Thursday, September 6, 2018, 6:00am
The anthropologist David Graeber says there is an epidemic of meaningless jobs, especially in middle management.
Tuesday, September 4, 2018, 11:15am
Alissa Quart spent the last few years traveling around the United States talking with all kinds of people about work. What she found is a lot of people with jobs that look good on paper but who feel — in a word — squeezed.
Friday, August 10, 2018, 2:05pm
This week marks the one-year anniversary of the deadly Unite the Right Rally in Charlottesville, VA. Christian Picciolini knows that world intimately. He joined America’s first neo-Nazi skinhead group when he was 14 years old. He rose through the ranks of what would become the Hammerskin Nation, one of the most violent white-power groups in the world. Then he had a baby and a change of heart.
Friday, August 10, 2018, 1:50pm
Seattle City Councilwoman Kshama Sawant is the first socialist to win an election in Seattle in almost a century. Her platform included fighting for — and winning — a $15 minimum wage, and a tax on the wealthy.
Thursday, August 2, 2018, 3:05pm
Heather Swan, who teaches environmental literature and writing at the University of Wisconsin-Madison, has combined her love of bees, writing and art in the book, "Where Honeybees Thrive: Stories From the Field."
Friday, July 6, 2018, 1:25am
Michael Twitty can trace his family’s food history back to the slave cabins and Antebellum kitchens of the South. Honoring his diasporicheritage — he’s both black and Jewish — lead Twitty to the practice of identity cooking. He calls it Kosher/Soul.
Friday, July 6, 2018, 1:15am
For years, David Roberts climbed some of Alaska’s biggest mountains, and made a number of first ascents. His new book is an examination of why some climbers feel compelled to push the edge of what’s possible.
Tuesday, June 26, 2018, 10:10am
Feeling regret about committing a crime matters in criminal sentencing. But if emotion isn't supposed to have a place in the law, should it matter? Speaking to Steve Paulson for "To The Best of Our Knowledge," Susan Bandes tells us how judges and juries evaluate remorse, and why.
Tuesday, June 26, 2018, 10:00am
Young people seem to be feeling the pressure to be perfect more than anyone else. Social psychologist Tom Curran tells us how neoliberalism and the digital age created a generation that feels guilty about falling short of flawlessness.
Monday, June 25, 2018, 2:40pm
Circe, the all-powerful goddess from Homer’s "The Odyssey," is known for turning men into swine, and for her mastery of potions. The artwork "Circe," imagined by Romare Bearden, is a black woman surrounded by mystical animals and a skull, wearing West African garb with a calm but defiant look on her face.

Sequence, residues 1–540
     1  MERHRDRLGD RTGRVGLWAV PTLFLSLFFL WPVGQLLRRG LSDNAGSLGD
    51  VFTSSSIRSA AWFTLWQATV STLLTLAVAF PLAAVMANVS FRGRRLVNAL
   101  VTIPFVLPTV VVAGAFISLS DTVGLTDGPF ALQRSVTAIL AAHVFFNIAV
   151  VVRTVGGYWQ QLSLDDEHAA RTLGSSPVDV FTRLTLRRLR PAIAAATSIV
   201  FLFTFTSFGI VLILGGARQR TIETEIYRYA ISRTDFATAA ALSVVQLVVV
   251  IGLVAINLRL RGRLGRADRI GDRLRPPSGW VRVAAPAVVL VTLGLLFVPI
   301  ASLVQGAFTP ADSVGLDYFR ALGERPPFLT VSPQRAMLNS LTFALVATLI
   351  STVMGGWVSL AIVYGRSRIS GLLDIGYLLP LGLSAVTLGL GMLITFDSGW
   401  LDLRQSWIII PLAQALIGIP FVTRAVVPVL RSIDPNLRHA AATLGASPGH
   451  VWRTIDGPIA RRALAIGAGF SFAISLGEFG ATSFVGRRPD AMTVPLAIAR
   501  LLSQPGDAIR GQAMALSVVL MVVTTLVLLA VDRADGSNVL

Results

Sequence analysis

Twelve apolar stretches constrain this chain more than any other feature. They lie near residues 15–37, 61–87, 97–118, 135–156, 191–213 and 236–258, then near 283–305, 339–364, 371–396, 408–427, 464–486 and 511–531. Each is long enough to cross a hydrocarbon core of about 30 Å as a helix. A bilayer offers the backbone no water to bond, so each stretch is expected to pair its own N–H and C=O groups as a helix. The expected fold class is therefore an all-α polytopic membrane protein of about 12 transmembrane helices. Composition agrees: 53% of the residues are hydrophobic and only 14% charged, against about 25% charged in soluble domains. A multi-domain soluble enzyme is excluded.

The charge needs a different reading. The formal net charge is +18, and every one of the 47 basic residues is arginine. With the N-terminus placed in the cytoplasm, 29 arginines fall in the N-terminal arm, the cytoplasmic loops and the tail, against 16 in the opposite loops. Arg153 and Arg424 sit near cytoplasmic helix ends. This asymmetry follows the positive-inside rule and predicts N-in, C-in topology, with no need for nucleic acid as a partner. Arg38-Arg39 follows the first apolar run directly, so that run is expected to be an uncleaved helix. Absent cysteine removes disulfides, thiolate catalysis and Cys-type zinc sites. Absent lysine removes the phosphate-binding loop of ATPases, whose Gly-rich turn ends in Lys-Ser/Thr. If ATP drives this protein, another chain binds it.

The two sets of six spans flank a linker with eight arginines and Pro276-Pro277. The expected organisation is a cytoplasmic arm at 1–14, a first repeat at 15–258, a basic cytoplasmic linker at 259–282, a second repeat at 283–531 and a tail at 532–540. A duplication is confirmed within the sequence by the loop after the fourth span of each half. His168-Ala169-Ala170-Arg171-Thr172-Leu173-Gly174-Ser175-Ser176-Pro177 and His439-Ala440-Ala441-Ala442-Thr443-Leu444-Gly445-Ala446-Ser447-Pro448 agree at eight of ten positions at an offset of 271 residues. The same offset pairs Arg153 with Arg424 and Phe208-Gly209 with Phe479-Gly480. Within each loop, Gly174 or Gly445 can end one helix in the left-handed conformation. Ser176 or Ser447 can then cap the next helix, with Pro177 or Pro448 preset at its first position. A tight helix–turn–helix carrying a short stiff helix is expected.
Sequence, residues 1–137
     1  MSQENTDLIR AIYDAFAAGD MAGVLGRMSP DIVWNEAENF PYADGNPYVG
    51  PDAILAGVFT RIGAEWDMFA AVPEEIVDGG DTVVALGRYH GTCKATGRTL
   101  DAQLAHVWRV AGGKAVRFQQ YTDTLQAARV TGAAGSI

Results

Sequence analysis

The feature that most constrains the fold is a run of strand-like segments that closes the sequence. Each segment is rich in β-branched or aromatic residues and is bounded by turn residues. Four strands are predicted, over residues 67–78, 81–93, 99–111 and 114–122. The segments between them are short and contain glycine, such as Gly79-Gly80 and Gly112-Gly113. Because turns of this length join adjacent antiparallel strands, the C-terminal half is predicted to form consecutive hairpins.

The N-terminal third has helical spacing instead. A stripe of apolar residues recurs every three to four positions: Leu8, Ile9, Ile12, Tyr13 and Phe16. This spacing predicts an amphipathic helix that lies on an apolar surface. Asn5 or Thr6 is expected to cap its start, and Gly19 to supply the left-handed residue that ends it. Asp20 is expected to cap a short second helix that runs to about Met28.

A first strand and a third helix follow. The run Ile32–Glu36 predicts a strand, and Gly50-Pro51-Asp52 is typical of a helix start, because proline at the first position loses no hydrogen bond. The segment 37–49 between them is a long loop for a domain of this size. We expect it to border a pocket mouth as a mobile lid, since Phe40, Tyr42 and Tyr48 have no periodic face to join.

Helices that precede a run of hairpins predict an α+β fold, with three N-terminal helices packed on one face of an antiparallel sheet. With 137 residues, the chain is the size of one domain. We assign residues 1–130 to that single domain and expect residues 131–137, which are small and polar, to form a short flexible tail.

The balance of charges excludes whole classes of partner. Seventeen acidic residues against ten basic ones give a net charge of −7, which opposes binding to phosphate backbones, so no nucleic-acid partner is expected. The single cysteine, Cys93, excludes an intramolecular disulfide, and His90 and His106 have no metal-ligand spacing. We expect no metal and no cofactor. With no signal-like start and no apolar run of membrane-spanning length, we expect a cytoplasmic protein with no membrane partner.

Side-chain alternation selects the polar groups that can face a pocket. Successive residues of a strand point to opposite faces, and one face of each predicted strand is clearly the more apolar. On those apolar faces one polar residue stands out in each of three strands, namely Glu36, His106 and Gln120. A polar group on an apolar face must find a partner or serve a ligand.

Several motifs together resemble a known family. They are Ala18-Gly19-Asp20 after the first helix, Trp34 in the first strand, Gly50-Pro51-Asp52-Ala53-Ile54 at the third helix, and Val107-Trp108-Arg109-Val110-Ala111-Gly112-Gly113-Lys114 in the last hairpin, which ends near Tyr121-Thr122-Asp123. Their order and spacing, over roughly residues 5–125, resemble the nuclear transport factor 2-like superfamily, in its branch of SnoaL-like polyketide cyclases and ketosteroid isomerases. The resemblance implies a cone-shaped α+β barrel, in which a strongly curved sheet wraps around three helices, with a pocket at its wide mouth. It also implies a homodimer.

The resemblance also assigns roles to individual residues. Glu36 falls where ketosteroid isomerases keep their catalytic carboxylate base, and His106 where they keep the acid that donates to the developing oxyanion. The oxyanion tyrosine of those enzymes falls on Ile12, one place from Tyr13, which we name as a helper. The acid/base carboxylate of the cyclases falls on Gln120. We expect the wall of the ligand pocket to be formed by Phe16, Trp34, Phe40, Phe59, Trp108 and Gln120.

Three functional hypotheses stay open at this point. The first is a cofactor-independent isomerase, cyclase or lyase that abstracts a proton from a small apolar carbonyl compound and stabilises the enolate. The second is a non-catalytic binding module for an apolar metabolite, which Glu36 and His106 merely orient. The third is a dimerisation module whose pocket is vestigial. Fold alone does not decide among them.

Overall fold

Tuesday, June 19, 2018, 2:15pm
Writer, classicist, and stand-up comic Natalie Haynes makes a strong case for reading ancient Greek and Roman literature in the modern age.
Wednesday, May 23, 2018, 11:00am
A hip hop super-producer and pioneering beat-maker, J Dilla died at just 32 years old. He worked right up until the end, and his mother was there for every bit of it.
Tuesday, May 22, 2018, 3:20pm
Dan Pink has written several books about motivation, work and behavior. His most recent, called “When,” is all about timing. He says people facing an ending seems to push people in new directions.
Wednesday, May 16, 2018, 12:30pm
TPakistani novelist Mohsin Hamid sets his newest novel, "Exit West," in a world of permanent mass migration, in a city ripped apart by civil war. He told Steve Paulson he modeled it on his own city — Lahore, Pakistan.
Tuesday, May 1, 2018, 11:55am
You wouldn’t think a novel about trees would become a major literary event. But Richard Powers' "The Overstory" is overturning a lot of conventional thinking. It’s been called "visionary" and "monumental." And though human characters shape the plot of this 500-page epic, the real heroes are trees.
Wednesday, April 25, 2018, 2:55pm
"Poetry helps me clear out that clutter that's doing nothing but rattling around and making noise." says Tyler Knott Gregson, who has been composing new poems by typewriter daily for years and posting them on Instagram.
Tuesday, March 20, 2018, 1:30pm
Author Angie Thomas poured her emotions into her debut young adult novel. "The Hate U Give" has become a best-selling novel, nominated for a national book award and soon to be a film. Thomas talks about how writing the book has changed her, and how teenagers give her hope.
Thursday, March 1, 2018, 4:15pm
When they weren’t committing mass murder, many of the noteworthy authoritarian leaders of the 20th century wrote books. Terrible books. Journalist Daniel Kalder read all of them.
Wednesday, February 21, 2018, 1:55pm
Astrology, the Myers-Briggs test, and even Buzzfeed place you into the same archetype as thousands of other people. So why turn to them? It comes down to crafting a personal narrative using archetypes.
Monday, February 19, 2018, 4:25pm
Chloe Benjamin is superstitious. So when her second novel, "The Immortalists," debuted at No. 7 on The New York Times bestseller list, she was thrilled for the typical reasons, but also enamored with the luck, mystery and religious overtones of becoming "Number Seven."